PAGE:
• But I don't think there are any simple solutions. I recommend grabbing a copy of the original Half-Life and downloading the SDK. Developing for HL is fairly simple if you know a bit of C++ and enough about CAD to map with the Valve Hammer Editor. Modelling ain't so easy, but there's no solution for that other than just learning to do it.
  • Pick two... (Score:4, Insightful)

    by NevarMore (248971) on Saturday April 22, 2006 @11:16AM (#15180814) Homepage Journal
    Simple, Open Source, 3D Game Engine

    You get any two.
    • Your comment is troll / insightful / flamebait. Pick any two...
    • "Simple, Open Source, 3D Game Engine

      You get any two." - it can use logic blocks that you visually connect or python scripting for game logic - easy. It is GPL licensed - open source. It is fully 3D game engine - graphics (including GLSL if you use python); physics; sound; armature system; logic system; etc. So there are options for all three.

        Good point. Let me revise the OP:

        Simple, Open Source, Robust, 3D Game Engine. Pick at most three.

  • Panda3D [] is pretty decent if you're using Windows (it supposedly runs on Linux and Mac OS X with increasing levels of difficulty). It supports shaders and other such fun things if you're into that, and has Python scripting, which is always fun.
  • Torque (Score:5, Informative)

    by Beowulf_Boy (239340) on Saturday April 22, 2006 @11:18AM (#15180824)
    For 100$ you can get torque. It was the best investment I ever made.
    I'm a gaming and simulation major at college, and I needed something for my senior project. I still have a year left before I have to start on it, but I decided to get a jump start.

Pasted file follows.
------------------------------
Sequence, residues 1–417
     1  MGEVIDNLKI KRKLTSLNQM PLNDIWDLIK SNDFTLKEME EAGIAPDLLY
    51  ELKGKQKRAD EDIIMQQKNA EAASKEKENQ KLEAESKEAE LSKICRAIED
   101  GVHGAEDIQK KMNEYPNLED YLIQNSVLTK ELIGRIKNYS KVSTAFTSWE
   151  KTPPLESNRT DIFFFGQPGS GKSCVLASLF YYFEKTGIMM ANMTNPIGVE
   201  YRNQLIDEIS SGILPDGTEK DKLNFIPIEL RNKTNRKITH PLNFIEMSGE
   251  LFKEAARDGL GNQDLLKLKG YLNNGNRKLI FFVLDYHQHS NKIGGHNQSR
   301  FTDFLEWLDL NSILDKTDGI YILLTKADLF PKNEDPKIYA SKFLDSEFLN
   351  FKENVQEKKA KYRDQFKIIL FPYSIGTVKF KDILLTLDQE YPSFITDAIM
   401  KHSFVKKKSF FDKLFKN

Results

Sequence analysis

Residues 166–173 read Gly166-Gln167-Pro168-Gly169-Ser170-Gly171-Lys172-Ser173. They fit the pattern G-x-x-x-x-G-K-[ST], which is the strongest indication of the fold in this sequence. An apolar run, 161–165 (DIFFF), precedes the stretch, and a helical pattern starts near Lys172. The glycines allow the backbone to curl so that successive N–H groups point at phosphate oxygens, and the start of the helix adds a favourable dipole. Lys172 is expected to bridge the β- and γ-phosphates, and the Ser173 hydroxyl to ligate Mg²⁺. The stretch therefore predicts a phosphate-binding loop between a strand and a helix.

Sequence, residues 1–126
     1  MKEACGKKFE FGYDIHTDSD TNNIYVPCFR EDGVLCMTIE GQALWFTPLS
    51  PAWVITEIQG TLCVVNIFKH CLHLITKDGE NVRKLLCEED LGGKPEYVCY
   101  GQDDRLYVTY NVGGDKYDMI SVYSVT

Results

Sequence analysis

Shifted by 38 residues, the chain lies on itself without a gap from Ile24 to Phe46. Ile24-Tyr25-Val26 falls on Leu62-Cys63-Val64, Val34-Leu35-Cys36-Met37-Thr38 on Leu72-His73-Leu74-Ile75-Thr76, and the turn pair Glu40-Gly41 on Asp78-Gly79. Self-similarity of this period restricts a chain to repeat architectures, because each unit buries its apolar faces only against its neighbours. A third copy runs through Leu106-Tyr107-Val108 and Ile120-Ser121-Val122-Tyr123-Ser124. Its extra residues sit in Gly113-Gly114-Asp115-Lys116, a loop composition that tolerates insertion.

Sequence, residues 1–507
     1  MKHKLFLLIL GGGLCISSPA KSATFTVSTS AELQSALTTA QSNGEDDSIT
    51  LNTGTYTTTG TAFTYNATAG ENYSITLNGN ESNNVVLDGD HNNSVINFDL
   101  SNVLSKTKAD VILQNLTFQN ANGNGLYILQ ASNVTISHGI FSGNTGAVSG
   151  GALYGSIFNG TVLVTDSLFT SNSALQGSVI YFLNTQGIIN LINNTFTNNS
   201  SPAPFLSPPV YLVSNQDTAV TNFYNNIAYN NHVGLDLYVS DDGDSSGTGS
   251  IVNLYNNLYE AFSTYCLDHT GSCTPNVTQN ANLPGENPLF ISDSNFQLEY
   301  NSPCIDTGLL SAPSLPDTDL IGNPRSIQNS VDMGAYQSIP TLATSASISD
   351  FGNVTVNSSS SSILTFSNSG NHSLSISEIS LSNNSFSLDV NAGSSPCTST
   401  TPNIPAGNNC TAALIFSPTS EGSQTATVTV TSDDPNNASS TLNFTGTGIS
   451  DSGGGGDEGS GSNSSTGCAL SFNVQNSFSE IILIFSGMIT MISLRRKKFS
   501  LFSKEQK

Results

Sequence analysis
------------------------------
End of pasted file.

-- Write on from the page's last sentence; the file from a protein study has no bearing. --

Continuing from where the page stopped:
99% of things you want to do can be done with the scripting langauge in torque, which in my opinion is very C like. Milkshape will let you export your models to .DTS format which is what torque uses, and you can do all of your mapping with Valve's Hammer Editor, which is a very nice editor.

    I'm working on a project with 2 friends, ones a character modeler, ones a mapper, and I'm the progamming guy to put it all together. most of what I want to do has already been done before, so all I have to do is look on the torque forums to find step by step directions on how to do everything from adding flashlights, adding vehicles, night visions, or anything else I could possibly want.

    And, if you buy the upgraded lighting pack for 50$, the torque engine looks very pretty.
    • Re:Torque (Score:3, Informative)

      by Beowulf_Boy (239340)
      I thought I should include the site to get it from.
    • by Anonymous Coward
      Torque is the best bang for the buck. They have a great 2D and 3D Engine for almost next to nothing, support is great and their documentation gets better and better over time. Almost everything you need is done in their easy to learn scripting language and you have full access to the source in case it doesn't. They'll also market and sell your game if you ever needed to go down that path, and their 3D engine is also XBox 360 ready for an easy conversion when the homebrew for the 360 takes off in a year or s